Most of us don’t think very much about how we communicate to our carriers and even less about how we communicate to each other—but both are important factors in our success in new business development and existing business retention.
Let’s look at carriers first
In handling an account submission or renewal, the first step is to keep in mind the recipient of our communication. It’s usually not the marketing rep who visits your office periodically, gently reminding to write more business with the company. Rather, it is often the overloaded, perhaps underpaid insurance underwriter, who has too many files to handle and too little time to accomplish it satisfactorily. So try to be empathetic and keep in mind the following when sending in a new or renewal submission:
- Anything you can do to make their jobs easier will inure to your benefit
- Acknowledge their problems, either in writing or during a phone conversation
- Figure how you might help them while asking them to help you.
I can pretty much guarantee that your underwriter will not have received a letter or email like that; at the very least, it’s bound to make a positive impression and create a more collaborative environment. Don’t forget, though: You have to follow through on all your future submissions.
The other thing to keep in mind is the need to be professional, concise and accurate in all memos and conversations. If it’s a submission, take the time to make sure all of the information you know the underwriter will need is included so he/she doesn’t have to chase you for it. Time is a precious resource for everyone, so be mindful of not needlessly wasting it. It’s okay to be informal, but it’s not okay to be sloppy.
Poor communications within the agency can seriously hamper an effective and efficient submission process. Just because we may have a collegial working relationship with our colleagues does not mean we can or should overlook how to communicate effectively. A few caveats to keep in mind:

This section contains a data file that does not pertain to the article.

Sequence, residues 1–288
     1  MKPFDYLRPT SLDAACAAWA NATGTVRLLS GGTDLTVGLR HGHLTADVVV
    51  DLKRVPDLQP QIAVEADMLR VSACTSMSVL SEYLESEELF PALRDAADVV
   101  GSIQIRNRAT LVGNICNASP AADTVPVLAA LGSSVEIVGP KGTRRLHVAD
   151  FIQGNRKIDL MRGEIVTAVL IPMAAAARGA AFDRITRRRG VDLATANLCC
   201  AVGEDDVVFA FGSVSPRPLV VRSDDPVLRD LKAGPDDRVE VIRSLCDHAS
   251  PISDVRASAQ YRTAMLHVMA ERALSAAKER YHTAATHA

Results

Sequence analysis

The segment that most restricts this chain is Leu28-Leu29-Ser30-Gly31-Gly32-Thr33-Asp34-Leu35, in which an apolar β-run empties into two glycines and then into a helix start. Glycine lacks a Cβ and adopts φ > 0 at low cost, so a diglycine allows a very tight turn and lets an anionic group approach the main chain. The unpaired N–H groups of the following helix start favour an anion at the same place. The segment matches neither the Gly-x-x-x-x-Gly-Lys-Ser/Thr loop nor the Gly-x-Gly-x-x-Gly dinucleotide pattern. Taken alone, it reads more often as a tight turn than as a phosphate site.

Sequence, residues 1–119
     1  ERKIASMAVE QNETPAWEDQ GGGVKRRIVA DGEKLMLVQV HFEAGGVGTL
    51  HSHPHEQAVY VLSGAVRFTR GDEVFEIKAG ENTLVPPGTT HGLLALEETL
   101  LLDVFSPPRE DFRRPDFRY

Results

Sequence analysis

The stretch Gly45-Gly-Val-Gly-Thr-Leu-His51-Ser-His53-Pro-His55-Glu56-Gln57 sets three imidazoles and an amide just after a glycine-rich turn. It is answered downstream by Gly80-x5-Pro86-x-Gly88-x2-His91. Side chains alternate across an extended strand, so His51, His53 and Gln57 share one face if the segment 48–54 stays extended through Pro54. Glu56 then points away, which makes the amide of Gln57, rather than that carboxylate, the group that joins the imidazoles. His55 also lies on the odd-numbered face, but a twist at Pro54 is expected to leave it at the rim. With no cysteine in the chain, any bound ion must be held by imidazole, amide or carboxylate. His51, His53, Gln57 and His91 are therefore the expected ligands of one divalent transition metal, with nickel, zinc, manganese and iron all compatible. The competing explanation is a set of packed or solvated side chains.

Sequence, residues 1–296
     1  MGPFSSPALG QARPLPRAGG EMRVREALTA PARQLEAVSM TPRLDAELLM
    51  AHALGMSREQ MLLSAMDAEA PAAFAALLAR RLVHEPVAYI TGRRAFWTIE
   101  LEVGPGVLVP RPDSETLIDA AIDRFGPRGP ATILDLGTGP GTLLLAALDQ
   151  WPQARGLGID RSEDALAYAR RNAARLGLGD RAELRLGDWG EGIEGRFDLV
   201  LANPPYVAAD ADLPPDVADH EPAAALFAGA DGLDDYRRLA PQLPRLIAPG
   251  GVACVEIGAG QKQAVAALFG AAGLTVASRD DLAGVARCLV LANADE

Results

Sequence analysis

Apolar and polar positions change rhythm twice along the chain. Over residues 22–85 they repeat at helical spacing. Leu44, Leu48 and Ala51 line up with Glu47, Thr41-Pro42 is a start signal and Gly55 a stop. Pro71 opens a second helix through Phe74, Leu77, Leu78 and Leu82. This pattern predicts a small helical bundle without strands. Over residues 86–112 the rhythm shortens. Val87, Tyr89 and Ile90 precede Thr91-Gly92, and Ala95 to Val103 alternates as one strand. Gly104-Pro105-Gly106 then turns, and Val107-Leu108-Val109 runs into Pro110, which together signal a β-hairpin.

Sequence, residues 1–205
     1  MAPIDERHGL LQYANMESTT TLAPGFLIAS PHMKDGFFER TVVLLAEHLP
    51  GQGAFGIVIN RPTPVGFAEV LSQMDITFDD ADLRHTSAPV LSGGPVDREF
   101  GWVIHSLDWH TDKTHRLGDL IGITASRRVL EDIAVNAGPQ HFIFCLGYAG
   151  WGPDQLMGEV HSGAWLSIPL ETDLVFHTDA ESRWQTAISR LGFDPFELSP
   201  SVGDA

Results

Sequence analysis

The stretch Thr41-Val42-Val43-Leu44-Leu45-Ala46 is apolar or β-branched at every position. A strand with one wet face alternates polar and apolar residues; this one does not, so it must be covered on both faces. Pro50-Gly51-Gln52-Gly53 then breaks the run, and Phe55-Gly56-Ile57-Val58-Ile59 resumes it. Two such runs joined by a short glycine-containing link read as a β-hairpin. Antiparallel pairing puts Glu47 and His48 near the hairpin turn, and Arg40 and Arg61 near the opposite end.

- Respond, respond, respond. Staff members should not ignore requests for information from others in the agency or delay providing it. They too are under time constraints and having to constantly remind or chase down individuals for needed information will threaten that good working relationship.
- Use email, but don’t overuse. Endless strings of emails are testimony to the way in which matters that can be resolved in one simple conversation get dragged out needlessly. There’s a fine line between use and over-use, but learning to recognize it and realizing that the other person is within easy reach to speak with can often short-cut communication blockades.
- Don’t misinterpret. The other danger of over-reliance on email is how the reader can often misinterpret what is being written. Body language, intonation and explanation are all missing from an email, so be careful if you’re expressing anything other than strictly business matters.
- Keep staff current. If you’re in management, periodically update everyone on what’s going on in the agency. We talk about not wanting to have a "silo mentality" among our staffers, but managers need to discourage that kind of thinking by keeping everyone abreast of matters affecting the agency as a whole. A quarterly agency-wide meeting, or a periodic memo to everyone discussing how the agency is doing, goals achieved, marketplace updates, what carriers have recently been aggressive on what kinds of risks—this kind of information good for morale and broadens the perspective of everyone working for what you hope is a common objective.
- Encourage staff feedback. The best ideas usually come from the desk-level individual; they’re the ones who deal with the day-to-day issues and problems of writing business, and they’re the ones who can often see most clearly what kinds of ideas could have a positive impact on the transactional process.
You don’t have to bring back the old suggestion box outside the boss’s office, but encouraging an active feedback mechanism throughout the agency, both inter-departmentally and direct to the principals, can have a surprisingly advantageous effect on overall efficiency and morale.
But you really have to listen. If nothing happens after employees provide feedback, it will soon dry up. Act on every suggestion, whether it’s to implement it or explain why it cannot be implemented, at least at the present time. And thank anyone who comes forth with a suggestion or idea, using words to encourage that behavior in the future.
Having employees who feel they are well-regarded and an important part of the agency’s success will pay enormous dividends in creating the kind of atmosphere most agency owners would love to have. And it will make your entire processing function more effective and efficient.